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  • In the spermatozoids of Chara, Vascular Cryptogams, and in those of Cycas, Zamia and Ginkgo, the cilia arise from a centrosome-like body which is found on one side of the nucleus of the spermatozoid mother-cell.

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  • (Japan, 1895); Ikeno, Untersuchungen uber die Entwickelting dec Geschlechtsorgane und den Vorgang der J3efruchtung bei Cycas revoluta, Jahr.

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  • Trachycar pus and Rhapis are characteristic palms, and Cycadeae are represented by Cycas.

    0
    0
  • Cycads are represented by Cycas itself, which in several species ranges from southern India to Polynesia.

    0
    0
  • Bengal has no Cycas, oaks or nutmegs.

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    0
  • Apart from the occurrence of Cycas, the Asiatic character of the Polynesian flora is illustrated by the distribution of Meliaceae.

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    0
  • Of Cycads, Australia and New Caledonia have Cycas, and the former the endemic Macrozamia and Bowenia.

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    0
  • The flora consists of 129 species of angiosperms, i Cycas, 22 ferns, and a few mosses, lichens and fungi, 17 of which are endemic, while a considerable number - not specifically distinct - form local varieties nearly all presenting Indo-Malayan affinities, as do the single Cycas, the ferns and the cryptogams. As to its fauna, the island contains 319 species of animals-54 only being vertebrates-145 of which are endemic. A very remarkable distributional fact in regard to them, and one not yet fully explained, is that a large number show affinity with species in the Austro-Malayan rather than in the Indo-Malayan, their nearer, region.

    0
    0
  • A structure called the cool orchid house is set apart for the accommodation of the many lovely mountain species from South America and India, such as odontoglossums, masdevallias, &c., and in this the more uniform the temperature can be kept the better, that in summer varying between Cyanophyllum (Miconia) Cycas Dieffenbachia Dipladenia* Dracaena Eranthemum Eucharist Euphorbia Ficus Franciscea Gardenia Gesnera Gloriosa* Gloxinia f Heliconia f Hoffmannia I pomaea * Ixora Jacobinia Jasminum* Luculia Maranta Medinilla Meyenia Musa Nelumbium f Nepenthes Nymphaea f Oxera * Pancratium f Pandanus Passiflora* Pavetta Petraea * Pleroma* Poinsettia Rondeletia Sanchezia Schubertia* Scutellaria Stephanotis Tabernaemontana Terminalia Thunbergia Torenia Thyrsacanthus Tydaea Vinca Abutilon Acacia Agapanthus Agathaea Agave Alonsoa Aloysia Amaryllis Ardisia Asparagus Aspidistra Asystasia (Mackaya) Azalea Bauera Begonia Blandfordia Bomarea * Boronia Bougainvillea * Bouvardia Brugmansia Calceolaria Camellia Campanula Canna Celosia Cestrum * Chorizema* Chrysanthemum Cineraria 60° and 65°, and in winter from 45° to 60°.

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  • In Cycas whorls of scales alternate with large pinnate leaves.

    0
    0
  • In the tropical zone large figs abound, Terminalia, Shorea (sal), laurels, many Leguminosae, Bombax, Artocarpus, bamboos and several palms, among which species of Calamus are remarkable, climbing over the largest trees; and this is the western limit of Cycas and Myristica (nutmeg).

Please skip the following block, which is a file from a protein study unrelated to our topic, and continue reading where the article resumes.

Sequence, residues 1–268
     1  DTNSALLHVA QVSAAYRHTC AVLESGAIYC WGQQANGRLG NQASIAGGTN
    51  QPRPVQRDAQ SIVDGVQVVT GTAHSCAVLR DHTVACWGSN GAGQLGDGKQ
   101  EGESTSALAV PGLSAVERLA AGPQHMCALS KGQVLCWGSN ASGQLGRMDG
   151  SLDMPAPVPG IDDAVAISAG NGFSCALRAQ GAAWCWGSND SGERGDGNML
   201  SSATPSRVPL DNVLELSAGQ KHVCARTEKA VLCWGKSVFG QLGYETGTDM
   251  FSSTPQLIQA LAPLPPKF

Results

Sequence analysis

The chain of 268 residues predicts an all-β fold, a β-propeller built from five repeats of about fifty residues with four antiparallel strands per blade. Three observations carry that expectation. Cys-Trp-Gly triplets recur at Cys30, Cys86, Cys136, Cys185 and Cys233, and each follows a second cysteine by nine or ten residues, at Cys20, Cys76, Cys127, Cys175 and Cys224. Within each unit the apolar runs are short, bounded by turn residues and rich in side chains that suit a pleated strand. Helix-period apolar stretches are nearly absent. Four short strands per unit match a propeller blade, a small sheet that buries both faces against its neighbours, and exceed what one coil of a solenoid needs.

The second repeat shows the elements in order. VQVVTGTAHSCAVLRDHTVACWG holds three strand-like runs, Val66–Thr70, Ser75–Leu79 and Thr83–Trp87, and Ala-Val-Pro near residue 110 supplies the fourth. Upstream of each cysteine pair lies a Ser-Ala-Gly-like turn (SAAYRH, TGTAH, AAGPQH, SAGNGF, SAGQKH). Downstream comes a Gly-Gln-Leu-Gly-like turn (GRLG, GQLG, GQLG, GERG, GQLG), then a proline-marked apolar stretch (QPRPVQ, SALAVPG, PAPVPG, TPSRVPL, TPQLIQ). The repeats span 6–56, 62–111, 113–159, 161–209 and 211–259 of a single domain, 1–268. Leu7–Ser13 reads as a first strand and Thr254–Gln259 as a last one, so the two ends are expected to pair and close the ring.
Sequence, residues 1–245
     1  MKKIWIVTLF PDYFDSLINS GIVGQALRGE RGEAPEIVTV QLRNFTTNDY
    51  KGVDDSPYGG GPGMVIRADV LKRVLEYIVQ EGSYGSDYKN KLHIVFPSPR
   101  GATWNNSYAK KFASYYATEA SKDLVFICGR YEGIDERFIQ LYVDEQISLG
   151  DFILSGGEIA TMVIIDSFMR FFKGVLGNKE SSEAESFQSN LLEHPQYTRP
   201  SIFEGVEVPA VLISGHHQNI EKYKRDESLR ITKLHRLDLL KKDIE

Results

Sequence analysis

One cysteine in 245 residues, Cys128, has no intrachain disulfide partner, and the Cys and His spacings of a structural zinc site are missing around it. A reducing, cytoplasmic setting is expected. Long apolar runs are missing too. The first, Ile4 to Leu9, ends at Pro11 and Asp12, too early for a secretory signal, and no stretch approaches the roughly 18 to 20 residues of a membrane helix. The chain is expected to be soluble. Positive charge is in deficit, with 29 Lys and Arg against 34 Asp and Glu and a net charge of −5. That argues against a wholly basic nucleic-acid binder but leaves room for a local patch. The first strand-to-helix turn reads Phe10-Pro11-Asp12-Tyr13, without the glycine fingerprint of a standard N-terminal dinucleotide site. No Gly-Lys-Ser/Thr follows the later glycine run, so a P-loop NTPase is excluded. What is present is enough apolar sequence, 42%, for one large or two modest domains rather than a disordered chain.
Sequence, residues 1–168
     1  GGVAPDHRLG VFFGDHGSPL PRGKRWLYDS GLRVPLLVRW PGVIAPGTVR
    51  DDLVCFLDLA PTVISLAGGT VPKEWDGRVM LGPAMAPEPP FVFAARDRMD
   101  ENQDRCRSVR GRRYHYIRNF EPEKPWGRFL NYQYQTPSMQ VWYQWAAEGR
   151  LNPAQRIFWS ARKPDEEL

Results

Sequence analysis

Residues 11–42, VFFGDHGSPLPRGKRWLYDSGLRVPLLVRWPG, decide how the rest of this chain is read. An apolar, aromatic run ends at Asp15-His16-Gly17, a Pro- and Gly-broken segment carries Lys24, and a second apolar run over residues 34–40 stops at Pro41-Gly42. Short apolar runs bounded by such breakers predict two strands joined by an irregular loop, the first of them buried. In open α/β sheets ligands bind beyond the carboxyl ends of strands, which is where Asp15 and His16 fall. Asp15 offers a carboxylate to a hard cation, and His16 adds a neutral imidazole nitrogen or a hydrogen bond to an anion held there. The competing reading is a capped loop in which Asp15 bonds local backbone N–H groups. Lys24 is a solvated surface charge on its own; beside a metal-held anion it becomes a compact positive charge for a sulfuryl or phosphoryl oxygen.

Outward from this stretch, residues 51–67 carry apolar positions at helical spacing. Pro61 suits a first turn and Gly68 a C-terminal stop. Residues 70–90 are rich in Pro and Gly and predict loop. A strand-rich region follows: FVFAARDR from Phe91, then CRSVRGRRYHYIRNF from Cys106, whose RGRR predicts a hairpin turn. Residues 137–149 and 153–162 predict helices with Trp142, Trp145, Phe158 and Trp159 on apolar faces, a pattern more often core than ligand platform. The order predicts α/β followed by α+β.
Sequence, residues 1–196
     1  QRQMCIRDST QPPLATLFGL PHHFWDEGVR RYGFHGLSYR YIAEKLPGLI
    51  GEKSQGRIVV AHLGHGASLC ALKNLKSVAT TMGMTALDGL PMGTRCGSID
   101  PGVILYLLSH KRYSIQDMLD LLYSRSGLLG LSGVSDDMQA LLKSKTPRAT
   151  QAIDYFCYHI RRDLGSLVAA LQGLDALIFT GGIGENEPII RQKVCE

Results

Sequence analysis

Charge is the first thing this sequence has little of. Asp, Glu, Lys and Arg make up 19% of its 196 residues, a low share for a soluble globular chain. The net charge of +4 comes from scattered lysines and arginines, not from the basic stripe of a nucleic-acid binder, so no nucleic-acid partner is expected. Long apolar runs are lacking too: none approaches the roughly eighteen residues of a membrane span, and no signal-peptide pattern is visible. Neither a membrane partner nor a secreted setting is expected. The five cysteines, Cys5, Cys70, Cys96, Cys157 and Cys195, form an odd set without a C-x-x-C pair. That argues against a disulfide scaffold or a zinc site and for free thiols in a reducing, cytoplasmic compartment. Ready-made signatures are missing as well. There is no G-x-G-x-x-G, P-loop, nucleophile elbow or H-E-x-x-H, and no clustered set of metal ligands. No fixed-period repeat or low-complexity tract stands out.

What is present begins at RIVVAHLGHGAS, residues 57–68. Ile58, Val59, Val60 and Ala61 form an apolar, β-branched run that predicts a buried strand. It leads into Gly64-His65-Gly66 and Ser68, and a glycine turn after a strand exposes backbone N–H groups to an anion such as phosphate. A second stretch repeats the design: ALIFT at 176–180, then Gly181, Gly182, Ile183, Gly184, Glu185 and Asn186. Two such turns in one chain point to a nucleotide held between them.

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  • Dioecious; flowers in the form of cones, except the female flowers of Cycas, which consist of a rosette of leaf-like carpels at the apex of the stem.

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  • As a fairly typical and well-known example of the Cycadaceae, a species of the genus Cycas (e.g.

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  • of Cycas there is a well-defined alternation of transverse zones on the stem, consisting of: larger areas representing foliage-leaf bases, and similar but smaller areas formed by the bases of scale-leaves (F and S, fig.

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  • In some species of Cycas the leaf-bases do not persist as a permanent covering to the stem, but the surface F F FIG.

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  • - Stem of Cycas.

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  • is covered with a wrinkled bark, as in Cycas siamensis, which has a stem of unusual form (fig.

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  • In the genus Cycas the female flower is peculiar among cycads in consisting of a terminal crown of separate leaf-like carpels several inches in length; the apical portion of each carpellary leaf may be broadly triangular in form, and deeply dissected on the margins into narrow woolly appendages like rudimentary pinnae.

    0
    0
  • In Cycas the stem apex, after producing a cluster of carpellary leaves, continues to elongate and produces more budscales, which are afterwards pushed aside as a fresh crown of fronds is developed.

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  • The young leaves of Cycas consist of a straight rachis bearing numerous linear pinnae, traversed by a single midrib; the pinnae are circinately coiled like the leaf of a fern (fig.

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  • The male flower of Cycas conforms to the type of structure characteristic of the cycads, and consists of a long cone of numerous sporophylls bearing many oval pollen-sacs on their lower faces.

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  • Represented by a single genus, Cycas.

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  • Branching, however, occurs not infrequently; in Cycas .the tall stem often p roduces several candelabra-like arms; in Zamia the main axis may break up near the base into several cylindrical branches; in species of Dioon (fig.